Deity in Greek mythology / From Wikipedia, the free encyclopedia
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In Greek mythology, Atlas (/ˈætləs/; Greek: Ἄτλας, Átlas) is a Titan condemned to hold up the heavens or sky for eternity after the Titanomachy. Atlas also plays a role in the myths of two of the greatest Greek heroes: Heracles (Hercules in Roman mythology) and Perseus. According to the ancient Greek poet Hesiod, Atlas stood at the ends of the earth in extreme west. Later, he became commonly identified with the Atlas Mountains in northwest Africa and was said to be the first King of Mauretania (modern-day Morocco and west Algeria, not to be confused with the modern-day country of Mauritania). Atlas was said to have been skilled in philosophy, mathematics, and astronomy. In antiquity, he was credited with inventing the first celestial sphere. In some texts, he is even credited with the invention of astronomy itself.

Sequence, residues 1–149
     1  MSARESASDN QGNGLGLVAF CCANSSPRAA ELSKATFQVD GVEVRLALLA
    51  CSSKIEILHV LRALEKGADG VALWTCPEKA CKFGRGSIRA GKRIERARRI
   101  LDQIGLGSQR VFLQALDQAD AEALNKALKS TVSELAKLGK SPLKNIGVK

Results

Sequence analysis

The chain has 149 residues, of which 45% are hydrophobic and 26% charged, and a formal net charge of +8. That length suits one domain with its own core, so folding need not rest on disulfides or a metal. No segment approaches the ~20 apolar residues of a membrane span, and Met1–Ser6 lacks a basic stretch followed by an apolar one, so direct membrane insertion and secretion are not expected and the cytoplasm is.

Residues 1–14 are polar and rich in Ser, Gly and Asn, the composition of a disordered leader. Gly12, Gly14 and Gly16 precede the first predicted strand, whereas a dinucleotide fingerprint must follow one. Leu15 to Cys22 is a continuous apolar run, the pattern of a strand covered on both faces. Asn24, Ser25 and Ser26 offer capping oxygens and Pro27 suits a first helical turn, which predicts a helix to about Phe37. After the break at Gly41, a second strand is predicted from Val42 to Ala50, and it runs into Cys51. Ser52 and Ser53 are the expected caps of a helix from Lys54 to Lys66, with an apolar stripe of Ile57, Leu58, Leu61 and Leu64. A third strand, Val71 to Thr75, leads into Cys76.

|Abode||Western edge of Gaia (the Earth)|
Atlas was the son of the Titan Iapetus and the Oceanid Asia or Clymene. He was a brother of Epimetheus and Prometheus. He had many children, mostly daughters, the Hesperides, the Hyades, the Pleiades, and the nymph Calypso who lived on the island Ogygia.
The term Atlas has been used to describe a collection of maps since the 16th century when Flemish geographer Gerardus Mercator published his work in honour of the mythological Titan.
The "Atlantic Ocean" is derived from "Sea of Atlas". The name of Atlantis mentioned in Plato's Timaeus' dialogue derives from "Atlantis nesos" (Ancient Greek: Ἀτλαντὶς νῆσος), literally meaning "Atlas's Island".